Mozilla plans to make Firefox 60 the next ESR (Extended Support Release) version of the Firefox web browser, and not Firefox 59.
New major Firefox versions are released every six to eight weeks. Mozilla introduced a fixed six week rapid release cycle back in 2011, but switched to a flexible 6-8 week release cycle in 2016.
The organization introduced Firefox ESR specifically for organizations to increase the time between major releases. Firefox ESR is available for organizations and home users. While ESR versions of Firefox do get security and bug fix updates whenever a new major version of Firefox is released, feature updates are only introduced after several release cycles.
The next major Firefox ESR update was scheduled to be Firefox 59, but it appears that Mozilla will postpone the move to Firefox 60.
Note: Plans may change. We will update the article if changes to the schedule are announced.
Firefox 60 ESR
The main source that indicates that Mozilla plans to make Firefox 60 the next ESR candidate is the EnterprisePolicies page on the Mozilla Wiki website.
We want to make customization of Firefox deployments simpler for system administrators and we want our next ESR version, Firefox 60, to include a policy engine that increases customization possibilities and integration into existing management systems.
Mozilla reveals the reason why Firefox 60 is the next ESR target on the same page.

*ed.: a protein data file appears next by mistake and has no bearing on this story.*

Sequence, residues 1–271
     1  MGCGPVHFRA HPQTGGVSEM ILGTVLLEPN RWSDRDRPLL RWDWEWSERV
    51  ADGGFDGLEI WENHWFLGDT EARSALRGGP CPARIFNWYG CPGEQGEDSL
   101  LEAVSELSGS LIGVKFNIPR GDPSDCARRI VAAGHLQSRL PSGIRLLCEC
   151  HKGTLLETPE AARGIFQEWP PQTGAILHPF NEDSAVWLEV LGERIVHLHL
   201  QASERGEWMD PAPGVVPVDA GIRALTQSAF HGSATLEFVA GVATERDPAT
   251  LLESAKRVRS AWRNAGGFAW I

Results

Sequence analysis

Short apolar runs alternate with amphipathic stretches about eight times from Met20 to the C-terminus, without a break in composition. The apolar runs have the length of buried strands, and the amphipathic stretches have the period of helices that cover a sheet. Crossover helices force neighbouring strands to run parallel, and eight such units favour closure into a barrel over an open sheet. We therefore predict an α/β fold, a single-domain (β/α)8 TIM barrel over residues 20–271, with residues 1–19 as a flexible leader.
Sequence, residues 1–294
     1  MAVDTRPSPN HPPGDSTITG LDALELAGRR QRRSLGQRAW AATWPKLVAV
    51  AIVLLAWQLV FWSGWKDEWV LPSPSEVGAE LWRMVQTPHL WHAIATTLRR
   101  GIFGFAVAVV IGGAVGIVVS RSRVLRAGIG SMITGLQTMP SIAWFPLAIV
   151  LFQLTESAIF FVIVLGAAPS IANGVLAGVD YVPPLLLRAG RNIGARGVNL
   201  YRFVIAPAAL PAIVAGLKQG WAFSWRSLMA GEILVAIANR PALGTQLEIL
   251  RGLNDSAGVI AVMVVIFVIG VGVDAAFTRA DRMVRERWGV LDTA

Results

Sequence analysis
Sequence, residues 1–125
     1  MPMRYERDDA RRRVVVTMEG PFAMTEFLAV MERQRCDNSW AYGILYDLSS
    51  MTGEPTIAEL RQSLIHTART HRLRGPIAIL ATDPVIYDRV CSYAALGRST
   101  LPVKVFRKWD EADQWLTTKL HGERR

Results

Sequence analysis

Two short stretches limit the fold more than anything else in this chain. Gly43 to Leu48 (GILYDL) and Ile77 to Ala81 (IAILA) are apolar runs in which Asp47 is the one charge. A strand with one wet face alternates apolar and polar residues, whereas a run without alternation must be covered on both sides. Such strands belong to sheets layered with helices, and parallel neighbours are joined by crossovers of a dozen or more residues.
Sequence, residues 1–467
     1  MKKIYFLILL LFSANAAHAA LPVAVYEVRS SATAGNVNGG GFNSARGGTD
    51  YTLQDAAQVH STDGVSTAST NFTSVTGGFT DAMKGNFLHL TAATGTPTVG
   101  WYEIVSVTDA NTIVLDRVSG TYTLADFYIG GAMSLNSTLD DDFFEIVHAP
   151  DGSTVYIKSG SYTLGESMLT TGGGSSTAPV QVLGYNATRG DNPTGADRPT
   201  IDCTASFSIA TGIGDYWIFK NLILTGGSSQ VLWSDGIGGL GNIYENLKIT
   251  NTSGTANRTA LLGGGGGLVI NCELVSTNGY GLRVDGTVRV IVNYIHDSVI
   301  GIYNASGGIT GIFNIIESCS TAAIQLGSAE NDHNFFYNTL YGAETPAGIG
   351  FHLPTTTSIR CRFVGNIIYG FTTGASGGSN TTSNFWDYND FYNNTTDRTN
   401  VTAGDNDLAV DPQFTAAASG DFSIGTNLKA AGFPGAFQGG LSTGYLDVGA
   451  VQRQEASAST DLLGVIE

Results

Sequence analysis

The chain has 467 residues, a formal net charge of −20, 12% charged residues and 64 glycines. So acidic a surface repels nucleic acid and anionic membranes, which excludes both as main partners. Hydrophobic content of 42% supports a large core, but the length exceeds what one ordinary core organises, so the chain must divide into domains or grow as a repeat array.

Our key objective is to meet the demand for enterprise customization post-57 in time for the next ESR.
System administrators could use CCK2 Wizard in Firefox 52 ESR and earlier versions to configure Firefox before distribution. The switch to WebExtensions exclusivity in Firefox 57 makes the add-on incompatible with the next Firefox ESR version, regardless of whether it is Firefox 59 or Firefox 60.
Mozilla has to create new options for the large scale deployment of Firefox, and the organization’s answer is Enterprise Policies. The new policy engine won’t be limited to Firefox ESR.
The Policy Engine will be a component in Firefox that reads some admin-specified configuration during Firefox’s startup and properly configures features to respect those configurations.
The new engine uses .json files initially, but Mozilla plans to support operating system level administration features such as Windows’ Group Policy later on. The plan is to implement support in the json configuration file first before implementing the “most important ones” through GPO.
Mozilla is still working on the list of policies. Discussed right now are policies to disable Telemetry, disable features such as Pocket, Printing, or Firefox Screenshots, whitelist and block domains, pre-populate permissions, add bookmarks, or disable internal configuration features such as about:config or about:addons. (via Sören Hentzschel)